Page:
26. “Out of the Past”, Jacques Tourneur (1947)

Part of The 100 Greatest Movies I’ve Ever Seen list

Out of the Past

Out of the Past

dir. Jacques Tourneur scr. Daniel Mainwaring based on his novel Build My Gallows High cin. Nicholas Musuraca with Robert Mitchum, Jane Greer, Kirk Douglas, Rhoda Fleming, Richard Webb, Steve Brodie,Virginia Huston, Paul Valentine, and Dickie Moore

In 100 words: The greatest of all noirs has a sly sense of humor: Mitchum delivers one-liners with such casual indifference adding weight and levity to his words. Torneaur makes elegant images, filling rooms with so much cigarette smoke that may suggest characters expressing themselves through every puff. The plot keeps turning, making it difficult to keep track of who’s double-crossing who. But despite that, a sense of loss emanates from Mitchum’s Jeff that’s quite unusual for this genre. Greer too feels more cunning than the average femme fatale, but I love how her desperation reads across her face, even when performing coolly.

Other Movies for Context: Tourneur makes handsome images as apparent in one picture I’ve seen of his called Cat People (1942), which is quite literal despite its eerie affectations. As far as noirs go, I love The Big Heat (1953) and In a Lonely Place (1950), which just suggests how much I adore Gloria Grahame.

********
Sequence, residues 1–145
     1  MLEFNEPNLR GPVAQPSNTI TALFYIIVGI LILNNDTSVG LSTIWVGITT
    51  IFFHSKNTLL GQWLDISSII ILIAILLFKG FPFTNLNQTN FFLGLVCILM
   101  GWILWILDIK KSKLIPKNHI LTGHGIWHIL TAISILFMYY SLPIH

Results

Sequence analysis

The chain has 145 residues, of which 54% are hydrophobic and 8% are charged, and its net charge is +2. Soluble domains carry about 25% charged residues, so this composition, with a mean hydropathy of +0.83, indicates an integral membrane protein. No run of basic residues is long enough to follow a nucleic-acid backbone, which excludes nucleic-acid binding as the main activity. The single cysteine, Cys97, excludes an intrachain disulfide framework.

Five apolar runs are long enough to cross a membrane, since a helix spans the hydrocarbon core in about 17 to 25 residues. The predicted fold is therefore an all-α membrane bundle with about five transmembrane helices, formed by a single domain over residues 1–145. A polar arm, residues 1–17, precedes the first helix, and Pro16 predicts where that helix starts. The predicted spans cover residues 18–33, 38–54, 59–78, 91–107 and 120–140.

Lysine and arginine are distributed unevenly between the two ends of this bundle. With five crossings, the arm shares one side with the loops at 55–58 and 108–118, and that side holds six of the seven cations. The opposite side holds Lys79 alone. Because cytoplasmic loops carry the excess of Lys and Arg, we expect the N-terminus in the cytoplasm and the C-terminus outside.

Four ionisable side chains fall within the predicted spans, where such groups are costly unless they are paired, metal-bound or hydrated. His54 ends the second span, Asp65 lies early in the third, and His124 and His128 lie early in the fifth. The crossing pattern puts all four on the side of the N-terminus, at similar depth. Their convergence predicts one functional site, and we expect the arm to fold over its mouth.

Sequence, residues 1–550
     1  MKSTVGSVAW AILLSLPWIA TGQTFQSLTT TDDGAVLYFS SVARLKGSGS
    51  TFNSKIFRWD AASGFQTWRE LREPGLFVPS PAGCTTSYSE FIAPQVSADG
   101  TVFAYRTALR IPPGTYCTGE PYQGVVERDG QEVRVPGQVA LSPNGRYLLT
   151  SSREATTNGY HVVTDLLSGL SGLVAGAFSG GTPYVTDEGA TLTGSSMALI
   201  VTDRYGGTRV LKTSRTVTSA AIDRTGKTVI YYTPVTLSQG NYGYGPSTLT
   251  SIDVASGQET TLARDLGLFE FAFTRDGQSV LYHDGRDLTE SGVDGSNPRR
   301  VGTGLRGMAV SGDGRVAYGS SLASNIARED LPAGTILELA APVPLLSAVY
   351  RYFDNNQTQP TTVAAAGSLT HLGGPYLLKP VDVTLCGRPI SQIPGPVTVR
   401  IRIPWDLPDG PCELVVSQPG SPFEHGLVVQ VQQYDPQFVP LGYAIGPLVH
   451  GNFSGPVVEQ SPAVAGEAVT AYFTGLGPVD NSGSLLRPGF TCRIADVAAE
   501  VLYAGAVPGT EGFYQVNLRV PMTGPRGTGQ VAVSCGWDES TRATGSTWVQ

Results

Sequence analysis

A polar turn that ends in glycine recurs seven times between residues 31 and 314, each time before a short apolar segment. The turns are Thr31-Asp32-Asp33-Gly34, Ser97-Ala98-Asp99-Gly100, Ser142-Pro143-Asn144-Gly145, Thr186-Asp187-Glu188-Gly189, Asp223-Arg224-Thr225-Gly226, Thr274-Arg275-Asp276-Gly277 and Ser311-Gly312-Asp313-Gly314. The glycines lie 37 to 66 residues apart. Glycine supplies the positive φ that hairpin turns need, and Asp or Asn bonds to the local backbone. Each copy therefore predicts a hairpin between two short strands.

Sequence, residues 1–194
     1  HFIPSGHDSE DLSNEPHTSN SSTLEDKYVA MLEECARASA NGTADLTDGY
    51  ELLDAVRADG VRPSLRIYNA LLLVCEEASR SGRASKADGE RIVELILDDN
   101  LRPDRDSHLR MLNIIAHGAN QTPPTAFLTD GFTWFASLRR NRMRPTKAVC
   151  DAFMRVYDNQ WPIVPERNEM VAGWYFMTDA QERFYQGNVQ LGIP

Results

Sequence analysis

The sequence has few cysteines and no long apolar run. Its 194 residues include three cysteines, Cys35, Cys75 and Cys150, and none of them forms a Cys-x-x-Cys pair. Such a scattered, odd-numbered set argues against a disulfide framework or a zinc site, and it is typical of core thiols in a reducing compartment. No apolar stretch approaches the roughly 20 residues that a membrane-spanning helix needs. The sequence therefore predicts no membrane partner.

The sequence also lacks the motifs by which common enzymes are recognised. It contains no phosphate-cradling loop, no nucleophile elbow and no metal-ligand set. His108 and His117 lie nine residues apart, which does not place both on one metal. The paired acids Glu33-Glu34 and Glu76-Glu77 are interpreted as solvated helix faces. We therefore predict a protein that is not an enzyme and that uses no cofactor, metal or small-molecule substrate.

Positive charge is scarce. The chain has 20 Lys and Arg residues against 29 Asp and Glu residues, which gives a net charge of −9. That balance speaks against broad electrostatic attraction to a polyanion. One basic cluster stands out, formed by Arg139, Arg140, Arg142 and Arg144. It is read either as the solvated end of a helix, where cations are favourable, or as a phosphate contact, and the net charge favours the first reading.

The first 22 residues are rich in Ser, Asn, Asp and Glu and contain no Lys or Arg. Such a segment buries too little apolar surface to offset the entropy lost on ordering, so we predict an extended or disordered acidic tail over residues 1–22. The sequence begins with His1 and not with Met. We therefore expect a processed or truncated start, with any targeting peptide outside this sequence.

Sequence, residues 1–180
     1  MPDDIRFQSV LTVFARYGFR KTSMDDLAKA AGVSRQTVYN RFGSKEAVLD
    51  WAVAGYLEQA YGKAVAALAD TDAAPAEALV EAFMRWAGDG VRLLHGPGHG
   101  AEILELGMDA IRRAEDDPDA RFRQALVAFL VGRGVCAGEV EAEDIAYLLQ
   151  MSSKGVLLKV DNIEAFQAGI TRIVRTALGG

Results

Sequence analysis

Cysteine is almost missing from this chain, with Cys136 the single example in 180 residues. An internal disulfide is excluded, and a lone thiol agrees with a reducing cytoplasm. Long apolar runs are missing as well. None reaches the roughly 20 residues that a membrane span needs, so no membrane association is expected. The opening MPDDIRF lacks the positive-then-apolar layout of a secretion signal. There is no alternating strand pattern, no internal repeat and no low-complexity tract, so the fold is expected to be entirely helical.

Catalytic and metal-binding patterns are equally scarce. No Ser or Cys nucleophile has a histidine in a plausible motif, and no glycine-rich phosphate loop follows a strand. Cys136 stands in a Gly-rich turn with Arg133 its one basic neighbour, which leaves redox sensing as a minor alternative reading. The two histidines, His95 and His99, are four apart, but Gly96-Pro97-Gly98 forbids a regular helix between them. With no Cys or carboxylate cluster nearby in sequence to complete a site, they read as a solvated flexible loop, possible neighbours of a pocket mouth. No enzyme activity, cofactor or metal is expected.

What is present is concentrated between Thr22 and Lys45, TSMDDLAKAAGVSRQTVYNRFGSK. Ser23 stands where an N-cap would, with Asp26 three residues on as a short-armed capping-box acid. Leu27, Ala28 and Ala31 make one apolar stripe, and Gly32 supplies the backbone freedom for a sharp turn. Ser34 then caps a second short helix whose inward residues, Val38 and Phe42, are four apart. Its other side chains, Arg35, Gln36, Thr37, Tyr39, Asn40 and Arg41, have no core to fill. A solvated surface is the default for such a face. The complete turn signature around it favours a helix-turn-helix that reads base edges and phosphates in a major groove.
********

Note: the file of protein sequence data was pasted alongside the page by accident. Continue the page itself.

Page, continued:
48. “The Night of the Hunter”, Charles Laughton (1955)

Part of The 100 Greatest Movies I’ve Ever Seen list

Night of the Hunter

The Night of the Hunter

dir. Charles Laughton scr. James Agee based on the novel by Davis Grubb cin. Stanley Cortez with Robert Mitchum, Shelley Winters, Lilian Gish, Billy Chapin

In 100 words: There’s something so perverse about Robert Mitchum’s serial killer Reverend Harry Powell that nags at me—his preaching is so out of step with his murdering instincts, yet oddly fits with his religious nonsense. Laughton’s singular horror classic strikes a similar chord: its expressionistic use of space and design recalls Weimar cinema, while his ideal American small-town community looks and feels artificial. All of these though work to create a claustrophobic atmosphere—Laughton heightens Mitchum’s treacherous presence and the noirish lighting and play with shadows as an ever-encroaching danger to the kids and the community. Brilliant, absolutely terrifying, and unforgettable.

Other Movies for Context: William Friedkin’s The Exorcist (1973) plays with the same light and dark themes that this movie did, with its interesting angles and lighting. Another similarly odd movie is Touch of Evil (1958) by Orson Welles, which has the same ambiguous ideas about right and wrong, and even a similar style as well. The Night of the Hunter, however, recalls The Cabinet of Dr. Caligari (1920) by Robert Weine and Nosferatu (1922) by F.W. Murnau–both sensational films that derived its terror from the expressionistic use of design that Hunter takes its cues from.